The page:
EPA has posted the Endocrine Disruptor Screening Program (EDSP) Comprehensive Management Plan on its website. The purpose of the EPA's EDSP is to protect people, wildlife and our environment from chemicals that may affect endocrine systems by screening pesticides, chemicals and environmental contaminants for their potential effects on estrogen, androgen and thyroid hormone systems.  EPA's EDSP Comprehensive Management Plan provides strategic guidance for agency personnel and outlines the critical activities that are planned for this program over the next five years. The plan is intended as an internal planning document, but is being made available to the public in order to be as transparent as possible.

For more information, the plan is available at

Tuesday, July 3, 2012

ECHA Adds Thirteen Substances to Candidate List

The European Chemicals Agency (ECHA) has added thirteen new substances of very high concern (SVHCs) to the REACH candidate list.  This list serves as a staging area for substances to be added to Annex XIV of REACH, which puts them on a track to be banned pending authorization for limited uses for limited time periods.

According to ECHA:

"Four have been identified as SVHCs under the precondition that they contain certain carcinogenic constituents above the concentration limit for classifying these substances as carcinogenic. Five of the new SVHCs have been included in the Candidate List following a scrutiny of the comments received during the public consultation and the unanimous agreement of the Member State Committee (MSC). The further eight substances, which did not receive comments challenging the identification as SVHCs during public consultation, were directly added to the Candidate List."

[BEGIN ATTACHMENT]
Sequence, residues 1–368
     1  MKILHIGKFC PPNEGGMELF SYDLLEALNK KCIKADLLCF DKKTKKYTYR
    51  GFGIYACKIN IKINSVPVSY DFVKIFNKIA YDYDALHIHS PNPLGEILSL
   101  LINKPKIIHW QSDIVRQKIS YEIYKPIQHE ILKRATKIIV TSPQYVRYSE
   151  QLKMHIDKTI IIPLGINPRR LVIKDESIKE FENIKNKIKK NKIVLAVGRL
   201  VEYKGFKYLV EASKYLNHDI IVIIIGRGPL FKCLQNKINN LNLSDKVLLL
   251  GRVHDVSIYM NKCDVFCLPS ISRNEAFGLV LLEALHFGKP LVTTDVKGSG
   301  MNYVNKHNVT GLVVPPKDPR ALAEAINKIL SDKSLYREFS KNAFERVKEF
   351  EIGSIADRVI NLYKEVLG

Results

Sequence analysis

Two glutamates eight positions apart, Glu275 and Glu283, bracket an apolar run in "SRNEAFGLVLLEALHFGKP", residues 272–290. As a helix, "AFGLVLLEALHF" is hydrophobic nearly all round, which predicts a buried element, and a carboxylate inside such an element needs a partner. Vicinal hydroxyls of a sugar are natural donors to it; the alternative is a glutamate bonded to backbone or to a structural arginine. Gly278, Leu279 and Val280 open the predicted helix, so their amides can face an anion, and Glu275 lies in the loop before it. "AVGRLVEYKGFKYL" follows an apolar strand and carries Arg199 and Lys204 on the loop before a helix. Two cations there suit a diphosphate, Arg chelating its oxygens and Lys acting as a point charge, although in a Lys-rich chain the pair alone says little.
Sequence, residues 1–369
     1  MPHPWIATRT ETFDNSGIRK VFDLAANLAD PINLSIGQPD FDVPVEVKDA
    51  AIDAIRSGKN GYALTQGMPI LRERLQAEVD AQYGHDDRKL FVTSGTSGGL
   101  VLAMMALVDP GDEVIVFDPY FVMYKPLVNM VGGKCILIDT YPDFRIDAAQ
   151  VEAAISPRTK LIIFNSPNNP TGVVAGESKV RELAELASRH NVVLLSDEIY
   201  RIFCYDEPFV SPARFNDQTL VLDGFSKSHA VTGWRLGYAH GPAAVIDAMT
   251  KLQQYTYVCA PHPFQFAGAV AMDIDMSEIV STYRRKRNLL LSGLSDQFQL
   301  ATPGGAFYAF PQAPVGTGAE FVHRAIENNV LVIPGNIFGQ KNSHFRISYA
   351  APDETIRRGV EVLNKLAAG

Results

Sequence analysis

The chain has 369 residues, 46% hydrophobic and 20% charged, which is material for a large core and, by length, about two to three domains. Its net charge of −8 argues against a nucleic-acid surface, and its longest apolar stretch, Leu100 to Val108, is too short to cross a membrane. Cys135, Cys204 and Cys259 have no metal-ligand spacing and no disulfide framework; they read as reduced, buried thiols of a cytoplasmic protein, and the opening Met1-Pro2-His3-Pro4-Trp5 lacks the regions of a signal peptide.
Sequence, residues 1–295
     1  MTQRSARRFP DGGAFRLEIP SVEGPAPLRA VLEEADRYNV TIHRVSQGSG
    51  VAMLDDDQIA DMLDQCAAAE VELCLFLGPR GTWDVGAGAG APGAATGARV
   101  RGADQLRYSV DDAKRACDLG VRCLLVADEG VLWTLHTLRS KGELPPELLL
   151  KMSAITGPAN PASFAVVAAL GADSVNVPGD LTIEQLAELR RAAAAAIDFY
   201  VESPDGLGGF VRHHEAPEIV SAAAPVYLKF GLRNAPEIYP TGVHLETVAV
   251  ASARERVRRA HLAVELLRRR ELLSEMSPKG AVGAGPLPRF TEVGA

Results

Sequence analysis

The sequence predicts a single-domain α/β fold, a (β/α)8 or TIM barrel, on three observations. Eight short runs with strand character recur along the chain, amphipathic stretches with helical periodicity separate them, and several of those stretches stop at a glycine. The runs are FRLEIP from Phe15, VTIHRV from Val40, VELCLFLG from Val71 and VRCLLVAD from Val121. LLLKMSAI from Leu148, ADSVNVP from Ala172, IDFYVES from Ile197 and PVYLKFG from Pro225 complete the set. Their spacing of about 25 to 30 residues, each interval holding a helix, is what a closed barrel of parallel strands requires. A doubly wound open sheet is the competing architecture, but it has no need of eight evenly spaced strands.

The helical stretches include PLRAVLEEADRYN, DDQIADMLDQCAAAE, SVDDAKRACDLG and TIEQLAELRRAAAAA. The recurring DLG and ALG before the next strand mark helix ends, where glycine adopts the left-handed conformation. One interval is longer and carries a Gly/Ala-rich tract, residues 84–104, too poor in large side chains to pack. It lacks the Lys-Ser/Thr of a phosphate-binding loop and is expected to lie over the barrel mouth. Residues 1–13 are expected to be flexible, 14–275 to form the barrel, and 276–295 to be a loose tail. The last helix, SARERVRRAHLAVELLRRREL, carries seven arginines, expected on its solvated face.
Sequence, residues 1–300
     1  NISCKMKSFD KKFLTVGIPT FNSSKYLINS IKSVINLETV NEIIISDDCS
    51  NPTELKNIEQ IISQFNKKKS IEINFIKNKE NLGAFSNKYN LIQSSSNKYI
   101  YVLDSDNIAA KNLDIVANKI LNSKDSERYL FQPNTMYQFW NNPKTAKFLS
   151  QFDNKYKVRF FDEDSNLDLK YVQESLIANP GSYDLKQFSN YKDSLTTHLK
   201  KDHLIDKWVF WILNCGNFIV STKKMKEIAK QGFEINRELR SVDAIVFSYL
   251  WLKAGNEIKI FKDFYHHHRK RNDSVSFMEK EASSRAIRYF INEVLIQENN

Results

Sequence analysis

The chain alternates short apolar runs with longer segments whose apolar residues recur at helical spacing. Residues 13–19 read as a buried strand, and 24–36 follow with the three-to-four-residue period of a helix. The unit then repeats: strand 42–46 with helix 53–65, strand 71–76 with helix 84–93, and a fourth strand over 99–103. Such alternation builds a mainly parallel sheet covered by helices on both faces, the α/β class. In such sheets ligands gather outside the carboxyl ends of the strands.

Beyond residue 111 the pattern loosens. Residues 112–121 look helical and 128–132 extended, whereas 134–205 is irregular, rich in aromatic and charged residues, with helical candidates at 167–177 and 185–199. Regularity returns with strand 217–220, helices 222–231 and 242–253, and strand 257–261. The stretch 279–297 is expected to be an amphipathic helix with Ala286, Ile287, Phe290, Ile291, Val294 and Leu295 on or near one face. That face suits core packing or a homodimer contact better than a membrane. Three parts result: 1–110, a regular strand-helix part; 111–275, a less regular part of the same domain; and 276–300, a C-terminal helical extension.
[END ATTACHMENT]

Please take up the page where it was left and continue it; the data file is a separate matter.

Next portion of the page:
More information and the full candidate list of substances can be found on the ECHA site.

Friday, June 29, 2012

House Republicans Disagree with Endocrine Society on Need for EDSP

This week the Endocrine Society issued a series of recommendations "that will strengthen the ability of the current screening programs to identify EDCs." And now comes word that House Republicans are circulating language for the pending fiscal year budget that tries to limit the scope of EPA's endocrine-disruptor screening program (EDSP).

The Republican language is couched as an effort to "avoid unnecessary chemicals testing." It also tries to limit budgetary spending in an effort to restrict EPA's ability to formulate and implement policies on hydraulic fracturing, mountaintop mining, and other environmental issues that EPA is mandated to oversee. 

It's unclear on what basis the House Republicans believe that endocrine testing is "unnecessary" given that the lead scientific organization in that field is recommending greater attention to the issue. Endocrine testing was mandated by the 1996 Food Quality Protection Act, and EPA is a decade behind development of the testing regime required by that law passed unanimously by Congress.

More information on EPA's Endocrine Disruptor Screening Program can be found here.

Thursday, June 28, 2012

REACH-IT update scheduled for 11 July 2012